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Israeli ruling reroutes wall

Security is paramount, not housing, the nation's high court says.

September 05, 2007|Richard Boudreaux | Times Staff Writer

JERUSALEM — In a closely watched ruling, Israel's Supreme Court ordered the government Tuesday to reroute a milelong segment of its West Bank separation barrier, in effect restoring hundreds of acres of agricultural land that had been taken from a Palestinian village to give to Jewish settlers.

The decision set a precedent by rejecting the government's argument that the barrier's routing could be justified to protect homes in a settlement that were planned but not yet built.

Israel's Defense Ministry said it would "study the ruling and respect it."

The decision was the fourth of dozens heard by the court to uphold a Palestinian challenge to the planned 490-mile route of the barrier, a combination of electronic fences, concrete walls, patrol roads and trenches that is about two-thirds complete.

Legal experts said the precedent could affect at least one similar challenge now under litigation and serve as a lesson to commercial developers about the risks of seeking profit from seizures of West Bank land for settlements.

Beyond its legal and economic impact, the ruling is a political victory for Palestinians in the tug of war over territory they want for a future state.

Of scores of Palestinian communities cut off from their land by the barrier, none has resisted more conspicuously than Bilin, whose more than 2 1/2 years of unruly demonstrations and legal challenges preceded Tuesday's decision.

Hearing the news, more than 200 jubilant Bilin residents poured from their homes toward the fence, singing, dancing, honking car horns and waving Palestinian flags.

Instead of rocks, their weapon of choice in the weekly clashes, the villagers tossed candy at jeeploads of Israeli soldiers watching stone-faced from the other side.

Saeb Erekat, a veteran Palestinian Authority negotiator, issued a statement praising the "heroic struggle and steadfastness" of the villagers and demanding that Israel dismantle the entire barrier and end its occupation of the West Bank, which it captured in the 1967 Middle East War.

"It is time to create bridges, not walls," said Erekat, who is involved in a U.S.-initiated effort to revive negotiations over the obstacles to a peace accord -- including the status of Jewish settlements, conflicting claims over Jerusalem and the fate of Palestinian refugees.

Israel says completed sections of the barrier, which it started building in 2002 with Palestinian labor, have proved an effective way to prevent Palestinian suicide bombers from entering Israel from the West Bank.

But Palestinian officials say Israel has used the barrier to draw new borders on its own. The current route would enclose about 8% of the West Bank's land on the Israeli side.

Since 2004 the Supreme Court has imposed itself as an arbiter of disputes over the barrier, seeking to balance Israel's security needs with Palestinians' demands to keep their communities intact and free of hardship.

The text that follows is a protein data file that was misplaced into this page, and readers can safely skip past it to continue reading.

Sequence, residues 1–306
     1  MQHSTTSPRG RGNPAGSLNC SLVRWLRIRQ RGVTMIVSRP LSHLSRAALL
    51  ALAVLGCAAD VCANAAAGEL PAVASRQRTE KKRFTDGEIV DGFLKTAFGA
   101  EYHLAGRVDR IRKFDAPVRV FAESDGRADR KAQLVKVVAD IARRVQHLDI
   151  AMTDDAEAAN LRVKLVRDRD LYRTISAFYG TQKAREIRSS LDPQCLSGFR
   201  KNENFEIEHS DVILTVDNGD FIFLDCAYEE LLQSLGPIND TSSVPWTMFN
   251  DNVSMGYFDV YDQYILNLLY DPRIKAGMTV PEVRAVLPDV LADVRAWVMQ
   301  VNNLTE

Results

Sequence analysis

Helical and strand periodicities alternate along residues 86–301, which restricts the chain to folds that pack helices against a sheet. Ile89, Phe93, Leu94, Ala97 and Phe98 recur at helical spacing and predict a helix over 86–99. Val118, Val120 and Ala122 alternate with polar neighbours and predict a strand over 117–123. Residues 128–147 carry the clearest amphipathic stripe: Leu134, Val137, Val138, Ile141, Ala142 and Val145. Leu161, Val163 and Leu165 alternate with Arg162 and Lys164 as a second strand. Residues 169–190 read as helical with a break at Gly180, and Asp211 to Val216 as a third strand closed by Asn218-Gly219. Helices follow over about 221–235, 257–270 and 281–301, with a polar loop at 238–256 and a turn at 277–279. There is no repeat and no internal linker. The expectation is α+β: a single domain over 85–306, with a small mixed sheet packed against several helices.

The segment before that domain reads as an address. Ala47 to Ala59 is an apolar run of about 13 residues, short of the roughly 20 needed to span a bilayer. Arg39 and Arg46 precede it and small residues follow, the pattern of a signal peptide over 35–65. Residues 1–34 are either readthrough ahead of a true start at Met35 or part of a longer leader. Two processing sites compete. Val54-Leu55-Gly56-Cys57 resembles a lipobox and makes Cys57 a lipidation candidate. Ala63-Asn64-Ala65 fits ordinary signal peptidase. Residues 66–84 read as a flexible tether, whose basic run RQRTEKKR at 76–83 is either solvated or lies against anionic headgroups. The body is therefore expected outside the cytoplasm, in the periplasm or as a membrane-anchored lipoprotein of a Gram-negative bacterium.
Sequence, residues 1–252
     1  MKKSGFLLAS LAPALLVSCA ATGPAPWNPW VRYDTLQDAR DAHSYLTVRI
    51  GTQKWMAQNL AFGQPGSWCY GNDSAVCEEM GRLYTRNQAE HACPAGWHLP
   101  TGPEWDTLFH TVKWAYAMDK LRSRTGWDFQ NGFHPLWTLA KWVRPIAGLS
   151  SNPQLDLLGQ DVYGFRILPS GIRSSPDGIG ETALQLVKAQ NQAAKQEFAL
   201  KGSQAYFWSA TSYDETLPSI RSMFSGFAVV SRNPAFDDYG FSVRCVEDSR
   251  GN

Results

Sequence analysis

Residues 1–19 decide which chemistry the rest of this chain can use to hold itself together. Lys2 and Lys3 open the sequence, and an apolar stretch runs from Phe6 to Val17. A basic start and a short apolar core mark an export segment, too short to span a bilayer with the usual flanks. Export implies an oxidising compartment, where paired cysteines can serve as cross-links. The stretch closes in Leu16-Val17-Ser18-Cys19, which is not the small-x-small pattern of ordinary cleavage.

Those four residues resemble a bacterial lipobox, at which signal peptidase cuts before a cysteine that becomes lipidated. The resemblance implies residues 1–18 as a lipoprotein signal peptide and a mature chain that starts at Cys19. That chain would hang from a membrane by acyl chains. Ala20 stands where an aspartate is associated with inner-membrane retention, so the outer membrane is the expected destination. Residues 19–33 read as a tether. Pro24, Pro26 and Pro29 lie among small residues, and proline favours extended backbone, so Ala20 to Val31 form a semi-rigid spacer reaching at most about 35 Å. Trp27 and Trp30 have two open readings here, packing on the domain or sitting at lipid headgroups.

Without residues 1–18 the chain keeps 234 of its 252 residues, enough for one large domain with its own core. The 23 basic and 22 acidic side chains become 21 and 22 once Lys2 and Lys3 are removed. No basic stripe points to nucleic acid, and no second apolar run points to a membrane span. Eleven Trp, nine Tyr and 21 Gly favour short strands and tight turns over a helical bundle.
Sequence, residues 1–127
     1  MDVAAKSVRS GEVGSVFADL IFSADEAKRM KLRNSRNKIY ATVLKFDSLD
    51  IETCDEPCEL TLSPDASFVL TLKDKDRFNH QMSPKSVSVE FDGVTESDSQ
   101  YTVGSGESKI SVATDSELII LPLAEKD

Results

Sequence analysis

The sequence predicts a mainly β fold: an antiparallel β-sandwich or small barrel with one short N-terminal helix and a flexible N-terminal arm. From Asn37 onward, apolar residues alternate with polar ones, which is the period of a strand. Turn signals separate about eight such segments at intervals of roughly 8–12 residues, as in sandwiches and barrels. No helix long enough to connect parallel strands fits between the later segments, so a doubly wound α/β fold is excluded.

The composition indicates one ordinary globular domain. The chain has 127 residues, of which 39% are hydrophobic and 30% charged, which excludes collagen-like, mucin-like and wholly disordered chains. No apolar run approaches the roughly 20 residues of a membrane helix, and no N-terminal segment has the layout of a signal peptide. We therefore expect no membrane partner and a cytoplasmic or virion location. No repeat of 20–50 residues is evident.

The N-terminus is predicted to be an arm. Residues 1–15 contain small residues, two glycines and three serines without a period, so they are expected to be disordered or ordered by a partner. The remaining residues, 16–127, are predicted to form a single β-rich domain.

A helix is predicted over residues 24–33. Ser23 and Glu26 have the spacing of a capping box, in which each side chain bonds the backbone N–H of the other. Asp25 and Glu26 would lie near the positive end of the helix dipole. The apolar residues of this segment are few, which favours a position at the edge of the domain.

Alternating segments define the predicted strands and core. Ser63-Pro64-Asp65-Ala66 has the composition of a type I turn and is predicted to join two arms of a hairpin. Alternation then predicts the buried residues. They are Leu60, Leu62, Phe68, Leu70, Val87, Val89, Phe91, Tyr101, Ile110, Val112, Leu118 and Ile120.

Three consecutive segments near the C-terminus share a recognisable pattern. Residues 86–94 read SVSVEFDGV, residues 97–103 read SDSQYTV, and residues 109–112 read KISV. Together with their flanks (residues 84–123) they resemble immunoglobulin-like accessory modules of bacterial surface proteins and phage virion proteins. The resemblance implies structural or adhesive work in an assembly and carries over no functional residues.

The case decided Tuesday was notable because of the Palestinians' contention that Israeli commercial interests, not security concerns, determined the barrier's routing.

Bilin's village council went to court after the fence's construction separated its 1,700 residents from many of their olive and almond trees, vineyards and grazing land.

In the court's unanimous ruling, Chief Justice Dorit Beinish wrote that the fence's location was "highly prejudicial" to the villagers and had no justification on military or security grounds.

The only reason the barrier was routed through the village's 1,000 acres of land, the ruling said, was to incorporate 575 acres of it into Matityahu East, a planned extension of Modiin Illit, the West Bank's most populous Jewish settlement.

The settlement of 33,200 people, built in 1996 for ultra-Orthodox Jews, juts into Palestinian territory northwest of Ramallah, the West Bank headquarters of the Palestinian Authority.

How the settlement expanded onto the village's land is the subject of an Israeli criminal investigation.

The Israeli newspaper Ha-aretz has reported that an Israeli land dealer acquired large plots near the village from Palestinians who misrepresented themselves as the legal owners. Israeli officials then declared the property "state land" and leased it back to the dealer, who got authorities in Modiin Illit to issue building permits for the new neighborhood, the newspaper said.

The Supreme Court ordered housing construction there halted last year after Bilin's village council and Peace Now, an Israeli advocacy group, challenged the legality of the land acquisition. By then, 400 of Matityahu East's 3,000 planned apartments had been built and many of them occupied.

One of the two construction companies affected by the stoppage, Heftzibah, has since collapsed, leaving hundreds of Jewish families who had paid up to $100,000 for apartments empty-handed. The Israeli company's chief executive officer, who fled the country, was arrested in Italy last month after a monthlong manhunt.

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